Five Fail-Safe Venture Heuristics

Leveraging a standard framework when evaluating a proposal — or new venture — can be helpful in determining potential opportunities and risks

By: Matthew Sinclair, Partner and Vice President of Engineering at BCGDV

I regularly get asked to judge hackathons — most recently the London Business School Hack in February — and, interestingly, judging a hackathon is not all that different from evaluating a very early-stage proposition of the kind that we see week in and week out at BCG Digital Ventures.

Something that I find useful — both when judging a hackathon, and when evaluating a new venture proposition in my day job — is a set of heuristics that I can check the idea against. I’ve collected, developed and refined them over the 26 years I’ve been building software.

As heuristics, they fall outside of any specific framework so they do not necessarily rule out the proposition entirely on their own, but what they do is raise a red flag for me that the proposition might not be quite strong enough to go through for further consideration. I’ve found them to be a fast and accurate ‘rule-of-thumb’ way to narrow down the scope of a proposition without being overloaded with information.

Here are my five favorite heuristics for evaluating proposals:

1. The “Feature Not a Product” Problem.

This is probably the most common thing that I see when evaluating propositions.

Regardless of the passion of the founders, sometimes the idea they are pursuing is not a full-blown product or service in its own right, but rather, a feature or subset of something else that already exists.

The danger here is that incumbents see the new idea and then just go on to add it as a feature to their existing product or service, squashing you in the process.

In recent times, this kind of thing has become standard operating procedure with incumbent social media networks as a way to kill competition from upstart startups.

2. The “Does Anyone Really Care” Problem.

This is a simple test to see if the proposition has any potential at all to capture users who really care about the idea.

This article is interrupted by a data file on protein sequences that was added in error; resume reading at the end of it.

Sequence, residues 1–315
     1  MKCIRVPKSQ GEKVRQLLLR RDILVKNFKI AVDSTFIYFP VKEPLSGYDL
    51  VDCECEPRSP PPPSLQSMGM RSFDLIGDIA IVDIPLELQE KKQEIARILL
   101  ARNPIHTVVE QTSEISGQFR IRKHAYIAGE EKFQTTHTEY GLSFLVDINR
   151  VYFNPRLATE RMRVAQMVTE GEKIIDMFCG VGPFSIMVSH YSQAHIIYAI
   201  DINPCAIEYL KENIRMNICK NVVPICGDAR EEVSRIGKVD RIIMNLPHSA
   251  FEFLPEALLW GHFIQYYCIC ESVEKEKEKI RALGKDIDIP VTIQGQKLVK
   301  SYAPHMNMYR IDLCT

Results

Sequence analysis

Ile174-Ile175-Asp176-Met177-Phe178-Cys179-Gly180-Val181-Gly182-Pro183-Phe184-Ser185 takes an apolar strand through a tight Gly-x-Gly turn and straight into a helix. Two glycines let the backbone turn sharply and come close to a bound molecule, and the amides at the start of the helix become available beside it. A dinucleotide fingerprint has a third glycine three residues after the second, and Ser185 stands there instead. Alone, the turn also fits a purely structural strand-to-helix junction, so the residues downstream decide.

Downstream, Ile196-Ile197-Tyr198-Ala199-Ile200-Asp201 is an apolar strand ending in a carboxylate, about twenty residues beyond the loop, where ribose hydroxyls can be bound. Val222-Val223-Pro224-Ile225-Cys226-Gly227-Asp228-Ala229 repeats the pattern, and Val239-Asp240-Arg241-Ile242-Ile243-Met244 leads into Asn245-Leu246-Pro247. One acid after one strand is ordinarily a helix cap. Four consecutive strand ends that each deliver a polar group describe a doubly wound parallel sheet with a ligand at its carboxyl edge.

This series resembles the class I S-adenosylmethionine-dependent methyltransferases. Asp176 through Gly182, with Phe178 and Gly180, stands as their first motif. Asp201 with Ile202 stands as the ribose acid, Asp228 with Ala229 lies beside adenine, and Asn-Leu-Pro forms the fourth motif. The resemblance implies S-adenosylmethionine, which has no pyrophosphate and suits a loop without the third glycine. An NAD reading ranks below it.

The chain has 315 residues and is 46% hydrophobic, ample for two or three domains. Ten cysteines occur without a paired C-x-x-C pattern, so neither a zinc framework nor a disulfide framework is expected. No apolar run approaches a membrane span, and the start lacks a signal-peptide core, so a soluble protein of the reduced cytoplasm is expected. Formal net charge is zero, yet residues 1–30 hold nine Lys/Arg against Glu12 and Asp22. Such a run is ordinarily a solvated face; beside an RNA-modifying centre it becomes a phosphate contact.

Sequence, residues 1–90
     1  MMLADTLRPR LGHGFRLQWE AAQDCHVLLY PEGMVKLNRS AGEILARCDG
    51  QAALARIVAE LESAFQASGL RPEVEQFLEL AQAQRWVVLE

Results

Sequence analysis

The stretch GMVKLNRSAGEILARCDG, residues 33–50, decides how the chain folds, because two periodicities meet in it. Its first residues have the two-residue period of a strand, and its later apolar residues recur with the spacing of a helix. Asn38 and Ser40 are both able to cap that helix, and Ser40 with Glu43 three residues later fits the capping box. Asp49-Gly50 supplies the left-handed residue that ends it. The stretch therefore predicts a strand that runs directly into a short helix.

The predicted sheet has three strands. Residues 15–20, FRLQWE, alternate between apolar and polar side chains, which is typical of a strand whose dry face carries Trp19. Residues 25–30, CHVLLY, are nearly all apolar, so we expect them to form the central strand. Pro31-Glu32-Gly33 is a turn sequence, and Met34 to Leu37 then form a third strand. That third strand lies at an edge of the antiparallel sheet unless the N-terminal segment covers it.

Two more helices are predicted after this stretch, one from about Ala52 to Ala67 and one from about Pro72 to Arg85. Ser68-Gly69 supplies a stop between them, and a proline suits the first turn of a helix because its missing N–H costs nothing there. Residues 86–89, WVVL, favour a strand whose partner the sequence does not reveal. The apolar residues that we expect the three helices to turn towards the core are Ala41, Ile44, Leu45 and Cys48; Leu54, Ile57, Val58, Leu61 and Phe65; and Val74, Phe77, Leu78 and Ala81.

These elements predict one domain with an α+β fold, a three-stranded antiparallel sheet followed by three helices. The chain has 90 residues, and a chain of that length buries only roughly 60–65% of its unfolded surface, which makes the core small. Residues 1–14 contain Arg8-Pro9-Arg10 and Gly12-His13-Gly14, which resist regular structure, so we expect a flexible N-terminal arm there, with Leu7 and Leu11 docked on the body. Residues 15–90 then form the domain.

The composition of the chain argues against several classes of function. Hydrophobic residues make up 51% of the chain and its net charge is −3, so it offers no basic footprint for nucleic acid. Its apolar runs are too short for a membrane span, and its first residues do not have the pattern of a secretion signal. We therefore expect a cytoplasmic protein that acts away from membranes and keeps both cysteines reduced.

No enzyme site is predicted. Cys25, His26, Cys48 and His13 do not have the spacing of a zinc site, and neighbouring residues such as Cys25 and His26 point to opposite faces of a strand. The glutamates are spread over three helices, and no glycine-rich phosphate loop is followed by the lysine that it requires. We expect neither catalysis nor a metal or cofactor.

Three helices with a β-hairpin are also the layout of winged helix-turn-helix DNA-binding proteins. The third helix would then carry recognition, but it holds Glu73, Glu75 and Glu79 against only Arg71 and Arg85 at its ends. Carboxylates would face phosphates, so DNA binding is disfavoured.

• Does the proposition have any early adopters?
  • Has the team been able to get anyone to pay to use the product or service in its earliest incarnations?
  • Is anyone shouting loudly or banging the table about the product and how it will change the world, even in its very early, very rough 0.1-alpha state?

If the answer is “no”, then there is a risk that they may never be able to get anyone to care about it.

3. The “You are Not the Product” Problem.

Far too often, founders confuse themselves for their users.

Rather than honestly exposing the product or service to real users with a rigorous attention to how it fares in real-world conditions, they mistake their own preferences and biases for genuine user feedback.

No matter what the founders might think, there is no substitute for putting the product or service in front of real users, seeing what they do with it, and then incorporating those learnings into subsequent iterations.

This problem is particularly apparent for me in my work because we sometimes come across “passion projects” driven from senior executives in the client.

Unfortunately, they can sometimes be quite removed from what their real users are doing and thinking and so end up anchoring on their own ideas rather than constantly testing and learning with their actual users.

4. The “Solution Looking for a Problem” Problem.

This is probably the saddest of these heuristics because you can have a situation where a team has spent an enormous amount of time and effort building something, but what they have built is a solution to a problem no-one actually has.

This is also known as the “build it and they will come” fallacy.

Engineers are particularly susceptible to this mistake (I know because I have made it myself, and more than once!) which is why it’s always good for a team to have a mix of engineering, design, product, and business skills working on the solution to balance out this bias.

If they don’t, the team may end up veering towards “solutioneering” rather than genuine innovation.

5. The “Multiple Miracle” Problem.

The idea here is that if I am evaluating a proposition, then I’m prepared to concede that the team can still succeed even if they have to create one miracle.

In fact, if a team is going for something really ambitious and they don’t require at least one miracle to pay off, then perhaps they’re not being ambitious enough!

However, if I look at a proposition and I see that the team needs miracle after miracle to come true for them to succeed, then I start to wonder if they may be too ambitious.

If the miracles start to pile up across design, business, engineering, and go-to-market, then I really start to get worried.

On their own, each heuristic can act as a useful test when evaluating a proposition. Taken together, they can work powerfully to help separate ideas worth pursuing from those that might be better off getting less attention. However, keep in mind that these are just heuristics and the best validation for any idea is to put real software in front of real users and ask them what they think.

This piece was originally published by Matthew on Medium.

Want to find out more? Start the conversation with BCGDV.

Find us on Twitter @BCGDV, LinkedIn, and Instagram.




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